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Arm/Elbow

Normal Anatomy of the Elbow

The arm in the human body is made up of three bones that join together to form a hinge joint called the elbow. The upper arm bone or humerus connects from the shoulder to the elbow forming the top of the hinge joint.

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Osteoarthritis of the Elbow

Although the elbows are not weight-bearing joints, they are considered to be most important for the functioning of the upper limbs. Hence, even minor trauma or disease affecting the elbow may cause pain and limit the movements of the upper limbs.

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Broken Arm

A breakage or crack in the arm bone is termed an arm fracture. This fracture can occur in one of the 3 arm bones, namely, the humerus, ulna and the radius.

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Dislocated Elbow

The elbow is a hinge joint made up of 3 bones – humerus, radius and ulna. The bones are held together by ligaments to provide stability to the joint. Muscles and tendons move the bones around each other and help in performing various activities.

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Elbow Bursitis

The elbow contains a large, curved, pointy bone at the back called the olecranon, which is covered by the olecranon bursa, a small fluid-filled sac that allows smooth movement between the bone and overlying skin.

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Brachial Plexus Injury

Brachial plexus is a network of nerves that originates at the spinal cord in the neck and passes down your upper arm from under your collar bone.

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Forearm Fractures in Children

The radius (bone on the thumb side) and ulna (bone on the little-finger side) are the two bones of the forearm. Forearm fractures can occur near the wrist, near the elbow or in the middle of the forearm.

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Elbow Fractures

Three bones, the humerus, radius and ulna, make up the elbow joint. Elbow fractures may occur from trauma, resulting from various reasons; some of them being a fall on an outstretched arm, a direct blow to the elbow, or an abnormal twist to the joint beyond its functional limit.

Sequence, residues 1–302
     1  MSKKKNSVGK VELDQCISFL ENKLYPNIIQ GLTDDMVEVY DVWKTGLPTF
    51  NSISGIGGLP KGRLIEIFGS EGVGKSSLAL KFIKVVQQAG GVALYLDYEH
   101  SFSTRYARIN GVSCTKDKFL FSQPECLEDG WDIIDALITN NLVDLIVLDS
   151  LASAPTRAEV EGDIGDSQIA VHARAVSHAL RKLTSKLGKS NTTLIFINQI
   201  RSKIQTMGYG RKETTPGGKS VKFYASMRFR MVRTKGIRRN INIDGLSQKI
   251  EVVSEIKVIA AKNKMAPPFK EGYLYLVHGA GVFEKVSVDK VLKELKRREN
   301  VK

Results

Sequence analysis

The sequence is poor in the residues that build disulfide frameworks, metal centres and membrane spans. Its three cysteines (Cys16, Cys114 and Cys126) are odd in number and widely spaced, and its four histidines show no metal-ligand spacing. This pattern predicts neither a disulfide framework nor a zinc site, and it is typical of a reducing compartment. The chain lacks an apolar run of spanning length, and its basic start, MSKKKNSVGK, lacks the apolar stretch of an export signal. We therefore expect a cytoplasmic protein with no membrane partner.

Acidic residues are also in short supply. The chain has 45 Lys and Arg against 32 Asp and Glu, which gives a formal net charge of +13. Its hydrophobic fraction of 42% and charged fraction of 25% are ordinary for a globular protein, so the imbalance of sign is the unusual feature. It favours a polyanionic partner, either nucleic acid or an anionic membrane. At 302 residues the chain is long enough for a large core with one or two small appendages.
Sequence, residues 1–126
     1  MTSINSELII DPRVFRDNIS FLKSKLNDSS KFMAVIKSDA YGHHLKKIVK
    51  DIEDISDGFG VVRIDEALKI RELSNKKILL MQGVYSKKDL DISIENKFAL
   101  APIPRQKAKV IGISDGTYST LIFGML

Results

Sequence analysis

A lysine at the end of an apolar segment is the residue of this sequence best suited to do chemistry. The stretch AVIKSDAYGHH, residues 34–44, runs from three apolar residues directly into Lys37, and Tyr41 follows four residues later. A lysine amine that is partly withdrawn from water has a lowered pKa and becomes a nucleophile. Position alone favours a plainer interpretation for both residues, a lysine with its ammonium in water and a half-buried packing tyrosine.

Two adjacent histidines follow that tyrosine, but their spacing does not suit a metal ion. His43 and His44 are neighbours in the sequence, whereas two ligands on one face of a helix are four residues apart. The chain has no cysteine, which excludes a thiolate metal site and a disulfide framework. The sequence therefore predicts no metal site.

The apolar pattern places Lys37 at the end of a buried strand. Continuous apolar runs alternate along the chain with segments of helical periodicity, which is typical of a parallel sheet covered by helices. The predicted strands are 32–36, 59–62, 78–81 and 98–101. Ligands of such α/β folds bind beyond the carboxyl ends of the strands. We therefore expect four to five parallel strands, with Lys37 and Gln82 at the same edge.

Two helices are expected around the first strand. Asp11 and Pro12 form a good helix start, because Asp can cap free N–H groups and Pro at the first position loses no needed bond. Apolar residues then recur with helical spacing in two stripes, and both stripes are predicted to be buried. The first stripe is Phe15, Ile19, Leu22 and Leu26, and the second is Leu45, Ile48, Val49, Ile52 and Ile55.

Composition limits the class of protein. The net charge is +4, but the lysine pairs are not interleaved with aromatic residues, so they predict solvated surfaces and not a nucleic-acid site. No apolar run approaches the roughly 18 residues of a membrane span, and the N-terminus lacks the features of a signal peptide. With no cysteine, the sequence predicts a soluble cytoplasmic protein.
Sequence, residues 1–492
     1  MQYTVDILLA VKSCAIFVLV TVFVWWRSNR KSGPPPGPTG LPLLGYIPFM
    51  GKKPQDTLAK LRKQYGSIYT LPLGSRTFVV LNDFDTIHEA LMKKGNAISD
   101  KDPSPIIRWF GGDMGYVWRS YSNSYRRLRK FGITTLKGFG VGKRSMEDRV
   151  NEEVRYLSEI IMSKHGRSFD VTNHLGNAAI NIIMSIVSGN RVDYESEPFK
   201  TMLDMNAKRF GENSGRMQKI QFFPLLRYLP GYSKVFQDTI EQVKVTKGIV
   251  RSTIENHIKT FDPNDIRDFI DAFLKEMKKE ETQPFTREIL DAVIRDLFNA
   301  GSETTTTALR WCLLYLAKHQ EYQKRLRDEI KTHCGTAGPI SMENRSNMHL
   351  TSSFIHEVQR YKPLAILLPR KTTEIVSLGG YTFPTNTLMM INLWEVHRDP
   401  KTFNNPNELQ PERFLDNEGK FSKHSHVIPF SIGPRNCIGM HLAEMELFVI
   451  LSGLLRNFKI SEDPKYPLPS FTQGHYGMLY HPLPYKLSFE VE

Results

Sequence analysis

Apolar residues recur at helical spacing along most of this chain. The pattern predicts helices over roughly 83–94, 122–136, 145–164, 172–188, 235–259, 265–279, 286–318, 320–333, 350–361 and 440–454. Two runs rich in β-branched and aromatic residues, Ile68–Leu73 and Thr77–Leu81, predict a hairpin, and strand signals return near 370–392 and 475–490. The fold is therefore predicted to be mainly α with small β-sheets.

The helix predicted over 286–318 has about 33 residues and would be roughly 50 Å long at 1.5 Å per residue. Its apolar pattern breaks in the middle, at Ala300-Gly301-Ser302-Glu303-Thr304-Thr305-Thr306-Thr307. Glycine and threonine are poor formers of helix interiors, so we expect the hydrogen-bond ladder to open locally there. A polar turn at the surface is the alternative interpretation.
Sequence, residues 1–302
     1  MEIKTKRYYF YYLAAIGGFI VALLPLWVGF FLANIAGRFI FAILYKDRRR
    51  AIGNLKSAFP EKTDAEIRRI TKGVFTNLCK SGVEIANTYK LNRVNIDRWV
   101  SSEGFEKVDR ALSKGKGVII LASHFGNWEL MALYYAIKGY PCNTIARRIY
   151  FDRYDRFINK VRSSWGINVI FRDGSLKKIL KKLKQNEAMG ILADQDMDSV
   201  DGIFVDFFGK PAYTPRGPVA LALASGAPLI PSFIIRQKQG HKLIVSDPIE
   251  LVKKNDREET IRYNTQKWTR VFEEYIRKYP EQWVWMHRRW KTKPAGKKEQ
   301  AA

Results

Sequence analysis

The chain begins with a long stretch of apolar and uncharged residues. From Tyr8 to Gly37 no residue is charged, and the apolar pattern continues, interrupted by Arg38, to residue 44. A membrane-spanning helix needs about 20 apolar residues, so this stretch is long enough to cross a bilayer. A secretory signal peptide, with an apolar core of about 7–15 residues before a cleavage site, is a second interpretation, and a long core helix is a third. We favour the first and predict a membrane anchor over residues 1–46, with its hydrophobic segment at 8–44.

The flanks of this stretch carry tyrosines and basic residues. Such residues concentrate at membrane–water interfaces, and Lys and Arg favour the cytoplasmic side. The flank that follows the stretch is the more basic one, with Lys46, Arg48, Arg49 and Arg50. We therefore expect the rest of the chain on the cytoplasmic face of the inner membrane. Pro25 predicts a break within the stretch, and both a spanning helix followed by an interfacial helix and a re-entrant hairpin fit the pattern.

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Radial Head Fractures

Three bones, the humerus, radius and ulna, make up the elbow joint. Elbow fractures may occur from trauma, resulting from various reasons; some of them being a fall on an outstretched arm, a direct blow to the elbow, or an abnormal twist to the joint beyond its functional limit.

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Rupture of the biceps tendon

The biceps muscle is located in the front of your upper arm. It helps in bending your elbow, rotational movements of your forearm and maintaining stability in the shoulder joint.

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Tennis Elbow

Tennis elbow is the common name used for the elbow condition called lateral epicondylitis. It is an overuse injury that causes inflammation of the tendons that attach to the bony prominence on the outside of the elbow (lateral epicondyle).

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Throwing injuries in the elbow

An athlete uses an overhand throw to achieve greater speed and distance. Repeated throwing in sports such as baseball and basketball can place a lot of stress on the joints of the arm, and lead to weakening and ultimately, injury to the structures in the elbow.

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Ulnar nerve entrapment

Cubital tunnel syndrome is a condition characterized by compression of the ulnar nerve in an area of the elbow called the cubital tunnel.

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Ligament Injuries of the Elbow

Coming Soon

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Cartilage Injuries of the Elbow

Coming Soon

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Elbow Arthroscopy

Elbow arthroscopy, also referred to as keyhole or minimally invasive surgery, is performed through tiny incisions to evaluate and treat several elbow conditions.

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Total Elbow Replacement

Elbows, although are not the weight-bearing joints, they are considered to be most important for functioning of upper limbs and even a minor trauma or disease condition affecting elbow may be painful and limit the movements of upper limbs

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